With close to 30 years experience, we’ve been helping large and small companies in all sorts of industries with their branding needs. “WE” are what our clients sign up for, not an agency. They bank on our unique combination of branding chops and founders’ DNA. They like that we adopt their brands as if they were our own. We stir things up.
When People magazine interviewed David back when Cereality was first launched, he was asked: “What is your first entrepreneurial memory?” His answer: “When I was eleven years old, I got my family to change its last name. It was a horrible name and the source of constant ridicule for us all. I asked the family lawyer if it could be done and he said yes. So we all changed it. Even the dog.” [Note: former name does not get revealed here]
So, as it turns out, David’s first memory of entrepreneurship was also his first memory of branding and more specifically, brand staging. He had his own family’s name changed so there would be a different way to start a conversation besides answering the question, “Your name is what?” It was a strategic move.
Those bold kind of strategic moves are a hallmark of how David thinks and operates. They’ve been evident in all of his professional endeavors—as a “serial” and “cereal” entrepreneur or in his corporate roles in the travel and publishing fields or during his time spent in the consulting and agency world.
David’s formal education is not in business. It’s in human development. He holds a Masters degree from Harvard in that subject area. Those studies, along with his innate sensibility, have provided him with a unique framework for investigating and articulating just how a good idea can become a viable business and how that, in turn, can become a recognizable brand and with the right combination of strategy and design, can evolve into something that is imperative to have.
The circuitous path that David’s career has taken began with a consulting practice focused on M&A communications and issues management for clients such as Wells Fargo Bank and Bank of America. That was followed by the launch and operation of the first-ever culinary travel publication, Palate and Spirit, which led to various high-profile roles in the publishing industry at Random House, The New York Times and Time-Life. Following that, David began consulting to a broad cross-section of clients, helping them create experiential ways to better connect with their customers. Eventually, that consulting work became the catalyst for David to conceive of, launch and serve as CEO of the multi-unit retail business, Cereality. David received backing for that business from PepsiCo’s Quaker Foods division. It was acquired in 2007 by Kahala Corporation, the global franchising company behind Cold Stone Creamery and many other foodservice brands.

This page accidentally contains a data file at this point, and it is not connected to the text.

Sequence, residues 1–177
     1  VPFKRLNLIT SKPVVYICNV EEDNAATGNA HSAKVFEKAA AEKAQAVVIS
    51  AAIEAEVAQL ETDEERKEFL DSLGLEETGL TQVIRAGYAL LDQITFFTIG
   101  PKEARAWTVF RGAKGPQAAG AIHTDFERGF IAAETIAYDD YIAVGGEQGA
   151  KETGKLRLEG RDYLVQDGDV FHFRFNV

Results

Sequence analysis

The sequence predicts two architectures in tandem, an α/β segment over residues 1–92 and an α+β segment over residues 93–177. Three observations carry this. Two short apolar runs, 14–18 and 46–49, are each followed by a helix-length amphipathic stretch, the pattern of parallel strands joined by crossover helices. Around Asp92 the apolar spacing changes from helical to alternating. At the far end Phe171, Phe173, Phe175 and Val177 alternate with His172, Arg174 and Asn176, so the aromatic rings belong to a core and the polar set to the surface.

Following the acquisition of Cereality, David and Rick made it their mission to help others “see reality” through the work they do at Get Stirred Up. Over time, David renamed that mission “brand staging.” He didn't’ want to start each conversation by having to answer the question, “Your mission is to do what?” Again, it was a strategic move.
Clients often ask Rick how he comes up with his design solutions. They’re intrigued by his process. That’s because he approaches design from a very strategic, whole-branded-system mindset, as opposed to a purely aesthetic one. What he “comes up with” often isn’t obvious. It often is surprising and uncomplicated, however. But most importantly, it always aims to be distinctive, carefully thought-out and systematically executed.
This approach to design and creative direction comes from Rick’s BFA with classic training in graphic design at York University and his good fortune of landing his first job as Nortel Network’s first in-house designer. Over his six years with Nortel, he became senior designer of a growing art department. It was in that role where Rick designed and produced all sorts of corporate collateral and multi-media initiatives, mostly for the company’s CEO, John Roth. That irony is not lost on Rick. Nor David.
Exiting the fast-paced corporate design department of a very large high-tech company, Rick made a sharp right turn to become the art director for the publications division of the highly acclaimed James Beard Foundation in New York. He arrived there at a time when the organization was transitioning from its reputation as the “Carnegie Hall for chefs” to the epicenter of the food world, on a global stage. In his role at the Beard Foundation, Rick was in charge of designing and art directing all publications and collateral, ranging from a monthly magazine to materials for special events and their annual Awards Gala.
Following his time at the Beard Foundation, Rick teamed up with David to handle the design needs for his consulting practice. At the same time, working with a New York design firm, he became involved in the entertainment industry, designing various promotional materials, collateral and packaging for such brands as HBO, PBS, BusinessWeek, Nikon and many others.
As co-founder and chief creative officer of Cereality, Rick was the brain behind the brand’s distinctive look and feel, designing all elements of the brand experience—including its identity, café design and layout, packaging, and all communications. In 2006, the Foodservice & Packaging Institute, in partnership with QSR Magazine, awarded Rick First-Place in “The WOW Factor!” category for Cereality’s “My Cereal. My Way.” custom-cereal-box. The Cereality Sloop™—the company’s unique spoon-straw utensil designed by Rick—also received an award, in the same category.
Rick’s work has been acknowledged in various publications and is a featured case study in Alina Wheeler’s book, Designing Brand Identity.